It slipped out late last year with virtually no publicity, so perhaps it’s time to shine a light on Voices Of Equilibrium (Silvertone), a four-track EP of covers from three part harmony Devon trio WILDWOOD KIN, sisters Beth and Emillie Key and cousin Meghann Loney. There’s some surprising choices, though Tracy Chapman’s ‘Talkin’ Bout A Revolution’ is the least so since it at least occupies the folk genre field. That said, the arrangement with its glistening keys and subsequent heavy drums immediately rings the changes on the original.
That’s certainly true of their take on ‘The Pretender’, not the Jackson Browne one but the Foo Fighters track, which they’ve slowed down into a moody dank folk affair while still bring urgency, albeit of a different shade to the refrain. Meanwhile, shifting the goalposts once again, ‘Dream On’ was a 2006 electro pop dance floor hit for Christian Falk and Robyn, though, even with its undulating electronic beat, even they might be hard-pressed to recognise this dreamy chamber folk reimagining with its cascading harmonies and twinkling sonic snowflakes.
Stevie Wonder provides the final cut, his boogie funk ‘Higher Ground’ transformed with a single vocal and hummed backing, handclaps and a muted drum thump gospel-like intro before the instrumentation fills out for a fixed and narrow-eyed tribal rhythm groove mid-section with what sounds like distorted scuzzy bass. A superb reminder that if you’re going to do a cover, especially crossing genres, then you need to make it your own. The trio have full possession.
ANNE LEITH & LES OMAN hail from Campbeltown and their EP, Poets, celebrates the work of two local writers, George Campbell Hay and Angus Martin. Anne and Les play guitars, bouzouki and keyboards but don’t overdo the accompaniments – the words are most important here. They stick to Hay’s English poetry but Martin’s ‘The Hird’s Hoose’ is in lowland Scots as far as we can judge. Anyone who thinks that they can write a “traditional” Scottish song (except Archie Fisher, who can do it) should listen to these songs – the opener, ‘The Fisherman Speaks’ is a gem.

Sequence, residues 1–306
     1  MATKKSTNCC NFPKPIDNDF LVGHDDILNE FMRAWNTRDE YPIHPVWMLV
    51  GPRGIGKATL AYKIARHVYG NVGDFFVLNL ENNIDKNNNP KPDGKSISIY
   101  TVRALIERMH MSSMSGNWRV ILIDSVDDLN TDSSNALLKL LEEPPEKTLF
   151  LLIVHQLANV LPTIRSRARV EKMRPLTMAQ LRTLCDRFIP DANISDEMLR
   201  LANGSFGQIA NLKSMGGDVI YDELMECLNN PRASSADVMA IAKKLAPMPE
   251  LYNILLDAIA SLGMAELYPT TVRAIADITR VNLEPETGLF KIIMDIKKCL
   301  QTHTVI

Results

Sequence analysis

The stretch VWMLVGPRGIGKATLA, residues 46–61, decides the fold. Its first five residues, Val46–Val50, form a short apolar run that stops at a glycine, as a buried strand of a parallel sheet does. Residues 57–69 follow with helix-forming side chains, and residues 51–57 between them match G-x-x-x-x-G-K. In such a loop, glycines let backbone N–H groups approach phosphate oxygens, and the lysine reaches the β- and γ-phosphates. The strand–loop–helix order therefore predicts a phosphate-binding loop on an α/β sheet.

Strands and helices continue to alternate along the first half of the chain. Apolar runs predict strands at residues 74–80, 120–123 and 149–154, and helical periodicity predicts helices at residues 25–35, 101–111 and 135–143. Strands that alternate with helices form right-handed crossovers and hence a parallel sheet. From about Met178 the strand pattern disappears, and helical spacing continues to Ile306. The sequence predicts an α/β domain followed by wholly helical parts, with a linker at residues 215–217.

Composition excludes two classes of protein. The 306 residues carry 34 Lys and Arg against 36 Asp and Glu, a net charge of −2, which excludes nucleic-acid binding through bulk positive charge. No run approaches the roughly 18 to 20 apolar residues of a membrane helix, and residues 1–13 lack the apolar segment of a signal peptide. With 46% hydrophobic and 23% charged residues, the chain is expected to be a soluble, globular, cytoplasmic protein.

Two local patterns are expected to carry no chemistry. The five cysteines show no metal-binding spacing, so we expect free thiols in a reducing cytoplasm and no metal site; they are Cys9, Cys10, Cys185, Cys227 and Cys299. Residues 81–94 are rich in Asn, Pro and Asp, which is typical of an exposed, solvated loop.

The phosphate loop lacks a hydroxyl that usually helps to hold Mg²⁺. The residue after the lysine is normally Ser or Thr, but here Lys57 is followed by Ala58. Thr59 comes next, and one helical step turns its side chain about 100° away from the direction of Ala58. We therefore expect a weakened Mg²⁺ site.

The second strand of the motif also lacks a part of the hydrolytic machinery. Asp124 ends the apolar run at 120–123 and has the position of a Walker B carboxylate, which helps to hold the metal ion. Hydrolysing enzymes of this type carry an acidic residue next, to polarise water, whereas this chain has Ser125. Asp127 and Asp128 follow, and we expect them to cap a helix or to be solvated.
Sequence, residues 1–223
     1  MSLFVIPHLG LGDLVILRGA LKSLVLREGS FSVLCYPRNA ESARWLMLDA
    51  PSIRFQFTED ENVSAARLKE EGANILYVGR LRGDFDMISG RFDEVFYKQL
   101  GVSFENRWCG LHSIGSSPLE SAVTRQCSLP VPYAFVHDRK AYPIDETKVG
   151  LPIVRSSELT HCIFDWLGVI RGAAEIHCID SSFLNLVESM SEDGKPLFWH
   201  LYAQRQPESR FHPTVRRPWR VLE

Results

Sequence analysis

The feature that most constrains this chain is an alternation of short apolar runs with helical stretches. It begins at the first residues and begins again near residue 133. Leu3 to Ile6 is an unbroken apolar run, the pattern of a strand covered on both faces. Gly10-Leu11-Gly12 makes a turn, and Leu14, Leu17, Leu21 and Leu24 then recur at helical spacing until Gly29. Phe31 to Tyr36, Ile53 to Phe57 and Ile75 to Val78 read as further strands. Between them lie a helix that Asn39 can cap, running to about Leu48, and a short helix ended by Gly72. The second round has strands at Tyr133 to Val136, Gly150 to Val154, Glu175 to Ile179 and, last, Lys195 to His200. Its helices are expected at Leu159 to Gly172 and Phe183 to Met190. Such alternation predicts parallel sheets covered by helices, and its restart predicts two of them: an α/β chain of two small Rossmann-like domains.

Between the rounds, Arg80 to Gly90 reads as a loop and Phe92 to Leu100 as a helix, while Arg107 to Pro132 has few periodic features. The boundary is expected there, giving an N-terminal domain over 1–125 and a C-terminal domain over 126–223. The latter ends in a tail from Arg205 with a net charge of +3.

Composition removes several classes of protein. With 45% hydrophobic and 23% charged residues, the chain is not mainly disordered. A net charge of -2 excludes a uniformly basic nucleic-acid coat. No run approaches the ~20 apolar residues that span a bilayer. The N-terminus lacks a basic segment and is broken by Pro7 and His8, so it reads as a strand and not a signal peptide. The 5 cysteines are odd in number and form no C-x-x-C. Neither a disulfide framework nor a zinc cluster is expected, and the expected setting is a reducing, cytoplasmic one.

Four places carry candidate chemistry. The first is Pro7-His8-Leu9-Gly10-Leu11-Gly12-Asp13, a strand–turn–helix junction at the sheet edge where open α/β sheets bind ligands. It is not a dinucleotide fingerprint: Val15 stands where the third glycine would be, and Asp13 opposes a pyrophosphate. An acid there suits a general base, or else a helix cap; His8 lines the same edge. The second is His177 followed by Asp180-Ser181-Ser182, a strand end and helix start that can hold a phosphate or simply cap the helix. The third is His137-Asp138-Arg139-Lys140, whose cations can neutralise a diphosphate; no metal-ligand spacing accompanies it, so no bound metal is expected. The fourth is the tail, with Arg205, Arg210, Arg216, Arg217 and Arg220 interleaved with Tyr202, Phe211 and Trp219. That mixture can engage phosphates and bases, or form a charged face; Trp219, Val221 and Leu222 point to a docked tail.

A second taster for the upcoming self-released debut album, singer Lara Snowdon and violinist Kathryn Tremlett joined by Kev Jackson on electric guitar, Josiah Manning on keys and the rhythm section of Paddy Blight and Garry Kroll, VELVET & STONE follow-up ‘Oh Boy’ with, after a simply strummed intro, the equally fulsome sounding folk-rock ‘By The Water’, quite literally a love is blind story about confessing your feelings.
Is “Lena Kalinka, have you got space in your heart for a narcissist thinker” any way to begin a song? Absolutely. ‘Lena Kalinka’ is the first track on Poetical Resistance, the new EP by GABRIEL MORENO & THE QUIVERING POETS. Gabriel and the band combine English and Spanish musical strands and the influences of such songwriters as Leonard Cohen. He would be a perfect musical partner for Keith James. ‘Overstay Your Welcome’ is a string-drenched track with a very Cohenish structure overlaid with a Mediterranean gypsy violin and the closing ‘We Are What We Are’ is built on acoustic guitar. The chorus of ‘Silly Old Dreams’ strikes something of a false note but that is the record’s only fault.
There are eight of THE JAMESTOWN BROTHERS from Somerset although one or two of them would appear to be Jamestown Sisters and Singing For Our Supper is their debut EP. Their mixture of good-time country, folk and blues is reminiscent of the early days of The Men They Couldn’t Hang with fiddle and brass fleshing out the sound. A song like ‘Take Your Medicine’ over keyboards and horns is harder and almost mainstream while ‘Everybody Take A Drink’ has an Irish flavour. The Jamestown Brothers must be a great festival band.